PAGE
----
Secrets of food stylists
A model would never take part in a photo shoot without being prepped first. The same holds true when the model happens to be a hamburger or an apple pie.
In order to look right for the cameras, dishes are prepped by food stylists, who ensure that the food in cookbooks, magazines, advertisements, and packaging looks as good as possible under hot lights.
The perfect look used to be the goal. Now, casual-looking food is in, but the work of food stylists is as important as ever.ETHICAL ISSUES
Food stylists sometimes get a bad rap, with the assumptions that they use tricks to make food look better. “What food stylists really do is develop ways to hold food so that it looks good over time,” said Delores Custer, who’s been working as a food stylist since the 1970s.
Magazines don’t want stylists to use fake food and companies are not allowed to overpromise. So if, for example, a company is selling a primavera sauce, the stylist can’t add more vegetables. What they will do, stylist Lisa Homa said, is “go through many jars to find one with everything you need in it.”
Stylist Sarah Brian said the food that stylists cook is almost never cooked exactly according to the recipe. “For example, if you cooked all the vegetables in stir-fry together, they would get soggy and none of the ingredients would stand out.”
Ice cream is a notorious fake food. The melt-less concoction is made of Crisco, confectioners sugar and Karo syrup. The ice-cream technique isn’t used much these days. However, stylists do still employ tried-and-true techniques. Here are a few:
Acrylic ice. Ice cubes don’t sink, and they’re not completely clear, so stylists use hand-crafted acrylic cubes that allow for light to shine through.
Half-cooked poultry. When you cook a turkey or Cornish hen through, they tend not to brown evenly and the skin pulls away from the bird. To fix that problem, stylists will often leave a bird half-cooked. To get that perfect brown look, they’ll brush on a mixture of Angostura bitters and kitchen bouquet (a coloring used in gravy).
Glue as milk. A glass of milk is always a glass of milk, but milk in cereal? That’s a different story. Oftentimes stylists will use Elmer’s Glue, so the cereal won’t get soggy.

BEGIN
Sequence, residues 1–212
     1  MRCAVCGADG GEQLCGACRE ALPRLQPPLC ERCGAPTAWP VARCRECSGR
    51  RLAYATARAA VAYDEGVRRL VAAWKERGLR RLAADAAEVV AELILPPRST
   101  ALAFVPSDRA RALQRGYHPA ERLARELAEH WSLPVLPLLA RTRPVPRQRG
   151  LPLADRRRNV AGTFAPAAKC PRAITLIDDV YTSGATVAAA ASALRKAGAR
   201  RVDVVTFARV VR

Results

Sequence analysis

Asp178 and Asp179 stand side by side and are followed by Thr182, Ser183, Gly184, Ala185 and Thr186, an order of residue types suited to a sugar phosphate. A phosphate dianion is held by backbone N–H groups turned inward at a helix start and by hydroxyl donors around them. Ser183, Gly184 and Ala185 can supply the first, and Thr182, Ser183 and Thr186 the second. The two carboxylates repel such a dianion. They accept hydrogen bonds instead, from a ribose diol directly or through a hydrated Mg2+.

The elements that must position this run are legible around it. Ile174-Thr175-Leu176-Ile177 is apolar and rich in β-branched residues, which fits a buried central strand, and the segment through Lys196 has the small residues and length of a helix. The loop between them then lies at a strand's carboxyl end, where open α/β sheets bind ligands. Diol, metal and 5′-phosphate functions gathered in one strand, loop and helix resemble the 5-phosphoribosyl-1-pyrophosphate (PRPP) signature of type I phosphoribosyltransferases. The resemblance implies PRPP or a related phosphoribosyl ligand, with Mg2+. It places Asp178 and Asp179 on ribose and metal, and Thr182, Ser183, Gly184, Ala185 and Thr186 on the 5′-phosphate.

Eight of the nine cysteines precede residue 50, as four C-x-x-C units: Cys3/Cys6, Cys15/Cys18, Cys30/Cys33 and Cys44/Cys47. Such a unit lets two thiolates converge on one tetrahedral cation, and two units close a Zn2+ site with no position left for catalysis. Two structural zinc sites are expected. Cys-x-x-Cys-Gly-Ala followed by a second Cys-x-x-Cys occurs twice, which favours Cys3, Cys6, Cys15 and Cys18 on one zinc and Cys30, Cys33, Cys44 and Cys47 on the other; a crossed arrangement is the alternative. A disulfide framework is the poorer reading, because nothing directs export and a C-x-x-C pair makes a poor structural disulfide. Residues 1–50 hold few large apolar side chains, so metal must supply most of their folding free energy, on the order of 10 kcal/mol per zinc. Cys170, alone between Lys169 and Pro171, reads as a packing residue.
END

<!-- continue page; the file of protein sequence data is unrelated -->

Making perfectly seeded buns. A big part of a stylist’s job takes place in the supermarket, where they must look for the perfectly round orange, the best wine label or, the perfectly seeded bun. If a hamburger bun doesn’t have enough seeds, stylists will often use Elmer’s Glue to create the appearance of more. The nice thing about Elmer’s, Custer says, is it dries clear.
Stacking a sandwich up high. Stylists will often use toothpicks to boost lunch meat.
Making a drink look chilly. Custer uses Karo syrup and water and brushes the mix on the glass to look chilled. She also said that adding some detergent makes a drink look just poured.
Making pizza cheesier. To make a pizza slice coming out of the oven look really good, the stylists will cut a slice out of the pie before cooking it, fill the slice with extra cheese and then tuck it back into the pie. When the pie is baked, this slice can be pulled out and the cheese will ooze.
Instant mashed potatoes to the rescue. Instant mashed potatoes were once used as a stand-in for ice cream. Now they’re often used as a sculpting base to prop up another dish. “Sometimes we’ll use them to fill a bowl of something else halfway. Recently, I used them to fill an apple pie (later topped with the apples),” Homa said. She stressed that it was not an ad for an apple pie.
Melting butter. Everyone likes melted butter on the top of their pancakes. To do that, stylists will warm up a spatula with a torch, and right before shooting, they’ll tap a pat of butter.
Giving swiss cheese more holes. Custer makes holes with pastry tips.
Crust fixes. Brian said she’d often glue together broken crust with Vaseline, as glue doesn’t stick well to pastry.